Boston Police Arrest 21 BC Students
Published: Monday, September 25, 2000
Updated: Wednesday, January 9, 2013 18:01
Police arrested 21 Boston College students last weekend as a result of the Boston Police Department’s (BPD) Cops in Shops program and a zero-tolerance policy for unruly off-campus parties.
District 14 of the Boston Police Department, which includes Brighton and Allston, has teamed up with the Alcohol Beverage Control Commission (ABCC) in an effort to “discourage loud parties, underage drinking and inappropriate behavior,” said Jack Dunn, Director of Public Affairs.
Robert Sherwood, dean for student development, said the Cops in Shops program places undercover cops in bars and liquor stores. When underage students with fake IDs try to buy alcohol or go to a bar they are arrested.
“It’s a bad idea. It’s setting kids up, like entrapment,” said Aidan Hamm, A&S ’03.
The number of arrests was especially high this past weekend because “BPD officers or ABCC agents were placed in all liquor stores and in all bars throughout Brighton and Allston on Friday and Saturday nights,” Dunn said.
Because of these efforts a grand total of 59 arrests were made in District 14, including the 21 BC students, Dunn said.
Sherwood said that 10 of these arrests occurred at The Avenue, a bar on Commonwealth Avenue, when police executed what many students refer to as a “bar raid.” This is when cops enter a bar and ask for patron’s IDs, then arrest people on the spot if the IDs are fake.
“I want BC students to understand that they are cracking down and are clearly trying to send a message to students early in the semester,” Dunn said.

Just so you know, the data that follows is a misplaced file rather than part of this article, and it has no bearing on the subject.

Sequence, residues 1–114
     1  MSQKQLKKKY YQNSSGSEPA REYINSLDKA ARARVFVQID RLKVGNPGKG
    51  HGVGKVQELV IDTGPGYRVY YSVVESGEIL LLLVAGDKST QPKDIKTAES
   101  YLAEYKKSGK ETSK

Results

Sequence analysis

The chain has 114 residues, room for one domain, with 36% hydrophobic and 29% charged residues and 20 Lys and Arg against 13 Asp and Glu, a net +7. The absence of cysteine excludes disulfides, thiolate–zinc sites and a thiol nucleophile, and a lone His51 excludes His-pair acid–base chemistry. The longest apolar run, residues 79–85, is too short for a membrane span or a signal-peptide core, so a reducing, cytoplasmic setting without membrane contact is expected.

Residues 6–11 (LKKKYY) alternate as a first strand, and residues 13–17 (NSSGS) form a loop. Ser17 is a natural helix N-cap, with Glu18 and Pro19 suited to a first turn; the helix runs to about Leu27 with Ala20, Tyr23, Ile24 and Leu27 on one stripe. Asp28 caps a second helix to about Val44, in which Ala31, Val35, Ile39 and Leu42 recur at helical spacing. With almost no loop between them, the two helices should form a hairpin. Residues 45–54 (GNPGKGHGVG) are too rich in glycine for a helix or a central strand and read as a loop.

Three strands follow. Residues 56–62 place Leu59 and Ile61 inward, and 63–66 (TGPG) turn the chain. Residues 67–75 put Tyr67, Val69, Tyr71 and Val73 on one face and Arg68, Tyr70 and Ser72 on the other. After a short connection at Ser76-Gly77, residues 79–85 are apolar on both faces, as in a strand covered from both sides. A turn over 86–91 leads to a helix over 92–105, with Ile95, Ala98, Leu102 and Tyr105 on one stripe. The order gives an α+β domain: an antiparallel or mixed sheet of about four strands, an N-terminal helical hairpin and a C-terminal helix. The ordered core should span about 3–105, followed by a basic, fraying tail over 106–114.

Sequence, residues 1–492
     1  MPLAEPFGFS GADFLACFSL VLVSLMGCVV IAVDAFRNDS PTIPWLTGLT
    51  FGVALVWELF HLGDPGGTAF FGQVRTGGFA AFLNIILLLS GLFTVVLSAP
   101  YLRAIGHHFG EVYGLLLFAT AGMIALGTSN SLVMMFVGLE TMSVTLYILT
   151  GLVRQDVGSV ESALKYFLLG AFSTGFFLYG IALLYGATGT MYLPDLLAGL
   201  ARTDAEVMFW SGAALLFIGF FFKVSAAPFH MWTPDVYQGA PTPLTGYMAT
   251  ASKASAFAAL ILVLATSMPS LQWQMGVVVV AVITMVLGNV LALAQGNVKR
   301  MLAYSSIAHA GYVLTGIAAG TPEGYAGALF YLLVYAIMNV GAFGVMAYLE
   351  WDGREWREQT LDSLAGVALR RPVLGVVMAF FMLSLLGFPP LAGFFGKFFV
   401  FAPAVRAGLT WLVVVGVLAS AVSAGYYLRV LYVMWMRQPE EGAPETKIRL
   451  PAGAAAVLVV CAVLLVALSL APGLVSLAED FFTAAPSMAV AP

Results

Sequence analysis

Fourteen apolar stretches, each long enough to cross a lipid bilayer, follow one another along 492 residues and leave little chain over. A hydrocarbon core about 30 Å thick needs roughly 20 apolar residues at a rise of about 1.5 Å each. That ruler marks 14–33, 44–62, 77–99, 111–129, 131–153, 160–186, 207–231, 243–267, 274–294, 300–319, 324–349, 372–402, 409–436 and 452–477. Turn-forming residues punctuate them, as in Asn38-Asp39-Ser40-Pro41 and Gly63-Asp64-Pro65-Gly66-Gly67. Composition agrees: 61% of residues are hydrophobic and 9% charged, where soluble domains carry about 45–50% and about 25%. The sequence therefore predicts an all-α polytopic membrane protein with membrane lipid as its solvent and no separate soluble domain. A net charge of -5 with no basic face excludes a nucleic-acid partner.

Those arrested will face penalties at both the state and university level.
Sherwood said that a new system of punishment in Massachusetts gives students what’s called a “pre-trial probation.” This lasts for six months until the case is dismissed, and no formal record remains. Students may be forced to attend Alcoholics Anonymous meetings and must complete 20 hours of community service.
Sherwood made it clear that BC will impose a $100 fine on all arrested individuals and put them on the Deffered Housing Suspension List until they turn 21. Parents are notified and more community service must be completed.
It is also possible, Sherwood said, that BC will turn the fake IDs over to the Department of Motor Vehicles, who in turn could suspend the accused person’s driver’s license for six months.
The BPD District 14 Newsletter calls this program an “aggressive, pro-active police response” that will continue on into mid-October.
Dunn explained that the BPD has been enforcing the zero-tolerance and false identification laws more stringently in the Allston-Brighton area since the death of Scott Krueger in 1998. Krueger, then a freshman at MIT, died due to complications from alcohol poisoning. “Efforts have been heightened at late as a result of the Scott Krueger incident at MIT,” Dunn said.
“We don’t want our students to die,” Sherwood said. He felt the Krueger case changed the atmosphere of the city of Boston, and universities and police are now taking a “preventative standpoint” in regards to alcohol.